The hit mobile game “Flappy Bird” was first introduced slightly over a year ago May 23rd, 2013 and since that point, its taken company break rooms and bored individuals with smart phones by storm.
Inquisitr News tells us that by the end of January, 2014, Flappy Bird topped the charts as the most downloaded game in the iOS App Store. At the game’s peak, its developer was making $500,000 per day on ads alone. Not bad for a game that was clearly developed without the need to grab the player’s attention through amazing graphics or ridiculously in-depth game play.
In fact, Flappy Bird’s success was based on the opposite of those two things. The game has horrendously terrible graphics, a choppy, jerky, scrolling motion, and its only objective is to navigate a pixelated bird through gaps in pipes as the game continues to scroll along.
On its face, it seems simple enough, but it’s not! Even The Fuse Joplin remarks that it’s almost impossible for anyone to score more than five. The Fuse compares Angry Birds with Flappy Birds and correctly observes that though Flappy Birds seems like an easy enough game to pass the time, and this is likely a large reason for its success, it is not. It is difficult to the point of being unplayable, and, as a result, The Fuse says that its developer got bored with it and deleted it from the iOS App Store.
This might seem like an indy-game’s unfortunate end, but things have changed. Earlier this week, Apple announced at its WWDC developer event that it will be replacing Objective-C with a new programming language called Swift for writing iOS and OS X apps.
TechCrunch.com gives us a nice review of the new language’s advantages over Objective-C. Swift will be easier to use and learn than Objective-C, it can run a complex object sort 3.9x faster than Python and 2.8x faster than Objective-C, and it is specifically designed for safety in that variables have to be initialized before use. Finally, arrays and integers are checked for overflow and automatic memory management.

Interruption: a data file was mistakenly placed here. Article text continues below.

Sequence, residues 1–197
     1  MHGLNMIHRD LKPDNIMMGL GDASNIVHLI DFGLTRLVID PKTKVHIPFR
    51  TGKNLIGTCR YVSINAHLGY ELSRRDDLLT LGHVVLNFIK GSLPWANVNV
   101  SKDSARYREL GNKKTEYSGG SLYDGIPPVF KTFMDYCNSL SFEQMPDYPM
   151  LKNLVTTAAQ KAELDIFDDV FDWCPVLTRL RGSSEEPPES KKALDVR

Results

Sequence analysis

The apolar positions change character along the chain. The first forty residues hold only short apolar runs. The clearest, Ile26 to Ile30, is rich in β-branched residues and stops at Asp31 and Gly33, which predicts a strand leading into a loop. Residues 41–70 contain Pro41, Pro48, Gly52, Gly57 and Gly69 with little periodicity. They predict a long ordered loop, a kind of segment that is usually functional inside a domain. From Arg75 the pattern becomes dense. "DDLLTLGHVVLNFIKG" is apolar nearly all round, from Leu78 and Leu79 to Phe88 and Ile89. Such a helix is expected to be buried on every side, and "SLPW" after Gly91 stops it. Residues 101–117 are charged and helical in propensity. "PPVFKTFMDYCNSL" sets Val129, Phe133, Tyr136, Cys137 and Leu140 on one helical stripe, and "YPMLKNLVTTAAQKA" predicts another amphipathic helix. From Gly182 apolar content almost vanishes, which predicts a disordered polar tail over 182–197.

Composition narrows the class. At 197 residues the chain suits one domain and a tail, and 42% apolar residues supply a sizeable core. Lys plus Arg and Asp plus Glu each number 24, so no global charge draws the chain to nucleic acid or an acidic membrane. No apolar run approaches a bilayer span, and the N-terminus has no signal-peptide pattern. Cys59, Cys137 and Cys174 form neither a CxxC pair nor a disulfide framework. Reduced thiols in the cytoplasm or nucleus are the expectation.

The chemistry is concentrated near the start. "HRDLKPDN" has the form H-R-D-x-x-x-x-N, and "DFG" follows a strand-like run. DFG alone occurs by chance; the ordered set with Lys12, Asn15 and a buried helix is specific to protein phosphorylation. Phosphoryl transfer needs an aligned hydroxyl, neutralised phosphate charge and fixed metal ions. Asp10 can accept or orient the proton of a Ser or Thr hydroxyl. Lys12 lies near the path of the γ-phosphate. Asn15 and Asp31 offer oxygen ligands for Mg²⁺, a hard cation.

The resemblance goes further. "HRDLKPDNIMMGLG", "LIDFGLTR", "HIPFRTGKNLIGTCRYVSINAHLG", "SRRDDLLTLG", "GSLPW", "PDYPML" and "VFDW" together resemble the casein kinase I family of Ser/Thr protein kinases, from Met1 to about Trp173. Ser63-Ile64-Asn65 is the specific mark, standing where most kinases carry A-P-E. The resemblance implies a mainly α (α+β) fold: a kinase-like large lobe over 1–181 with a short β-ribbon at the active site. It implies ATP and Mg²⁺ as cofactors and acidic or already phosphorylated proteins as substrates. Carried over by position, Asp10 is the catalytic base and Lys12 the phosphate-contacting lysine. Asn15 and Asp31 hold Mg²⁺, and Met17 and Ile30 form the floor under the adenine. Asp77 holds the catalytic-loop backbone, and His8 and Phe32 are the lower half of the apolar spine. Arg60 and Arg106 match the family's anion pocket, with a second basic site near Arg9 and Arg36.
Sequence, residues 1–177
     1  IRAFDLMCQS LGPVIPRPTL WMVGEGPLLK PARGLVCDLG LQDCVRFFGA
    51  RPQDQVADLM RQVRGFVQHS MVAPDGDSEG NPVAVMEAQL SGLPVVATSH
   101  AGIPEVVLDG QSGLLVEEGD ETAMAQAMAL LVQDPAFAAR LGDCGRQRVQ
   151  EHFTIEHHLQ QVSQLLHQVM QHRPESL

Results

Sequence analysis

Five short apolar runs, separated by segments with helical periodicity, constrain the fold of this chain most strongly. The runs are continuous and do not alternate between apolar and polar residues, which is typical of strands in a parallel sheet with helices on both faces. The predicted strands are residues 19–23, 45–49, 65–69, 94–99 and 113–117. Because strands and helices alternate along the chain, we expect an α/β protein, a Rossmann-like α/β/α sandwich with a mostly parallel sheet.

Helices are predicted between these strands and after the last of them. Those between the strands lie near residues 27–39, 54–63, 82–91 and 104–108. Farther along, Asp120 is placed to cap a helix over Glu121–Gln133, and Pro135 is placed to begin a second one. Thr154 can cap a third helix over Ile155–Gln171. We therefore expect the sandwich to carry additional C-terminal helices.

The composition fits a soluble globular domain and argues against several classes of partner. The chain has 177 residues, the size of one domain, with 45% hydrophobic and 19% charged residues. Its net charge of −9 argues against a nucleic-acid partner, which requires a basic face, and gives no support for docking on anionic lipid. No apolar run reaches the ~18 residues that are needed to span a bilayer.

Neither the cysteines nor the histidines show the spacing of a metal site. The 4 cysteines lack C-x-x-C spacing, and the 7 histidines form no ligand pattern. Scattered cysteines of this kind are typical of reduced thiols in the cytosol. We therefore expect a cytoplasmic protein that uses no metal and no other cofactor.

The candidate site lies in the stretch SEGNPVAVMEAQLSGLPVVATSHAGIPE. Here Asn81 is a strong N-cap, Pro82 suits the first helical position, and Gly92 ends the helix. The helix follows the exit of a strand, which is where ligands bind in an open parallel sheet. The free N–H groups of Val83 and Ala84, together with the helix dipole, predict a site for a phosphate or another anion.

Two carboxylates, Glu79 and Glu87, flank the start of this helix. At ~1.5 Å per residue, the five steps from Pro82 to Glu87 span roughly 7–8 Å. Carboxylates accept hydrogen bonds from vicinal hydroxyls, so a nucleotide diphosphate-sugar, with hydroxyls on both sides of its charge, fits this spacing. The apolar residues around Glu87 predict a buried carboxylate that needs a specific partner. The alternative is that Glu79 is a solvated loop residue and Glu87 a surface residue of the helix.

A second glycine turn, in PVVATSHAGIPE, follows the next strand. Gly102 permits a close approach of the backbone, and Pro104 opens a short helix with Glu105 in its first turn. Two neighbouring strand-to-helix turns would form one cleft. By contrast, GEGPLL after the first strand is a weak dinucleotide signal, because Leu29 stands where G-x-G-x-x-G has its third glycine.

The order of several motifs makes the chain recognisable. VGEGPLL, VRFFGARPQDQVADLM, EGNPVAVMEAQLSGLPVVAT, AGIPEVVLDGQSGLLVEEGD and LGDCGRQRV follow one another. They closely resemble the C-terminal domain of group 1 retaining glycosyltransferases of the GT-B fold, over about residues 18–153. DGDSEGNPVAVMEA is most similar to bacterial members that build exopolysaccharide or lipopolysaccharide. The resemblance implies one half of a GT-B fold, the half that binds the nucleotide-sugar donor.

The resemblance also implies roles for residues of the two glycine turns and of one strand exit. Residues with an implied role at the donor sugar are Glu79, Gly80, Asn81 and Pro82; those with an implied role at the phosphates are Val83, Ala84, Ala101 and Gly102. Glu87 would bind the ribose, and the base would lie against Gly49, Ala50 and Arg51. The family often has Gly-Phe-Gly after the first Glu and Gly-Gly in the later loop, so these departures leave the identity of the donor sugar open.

To that end; who cares? So, you release an awesome new programming language that will help our computers and mobile devices run faster and more safely? So what? Clearly, Swift’s crowning moment arrived when only hours after Apple’s announcement at its WWDC event, someone had implemented Flappy Bird in Swift! And now Swift gets its official kickoff and apparent enthusiastic embrace from some of Flappy Bird’s cult following. Early signs may be promising for Swift.
As for Flappy Bird, the game that some billed as a one hit wonder or a brief fad that was destined to grab only a small amount of time in the limelight before it died forever, it may be something more. Flappy Bird, through its frustratingly simple, yet addictive gameplay, just might have followers tenacious enough to keep the cult alive. Perhaps this will allow those bored employees in break rooms everywhere to continue their obsession with the impossible; maybe even allowing some of them the joy, at some point, of scoring higher than five?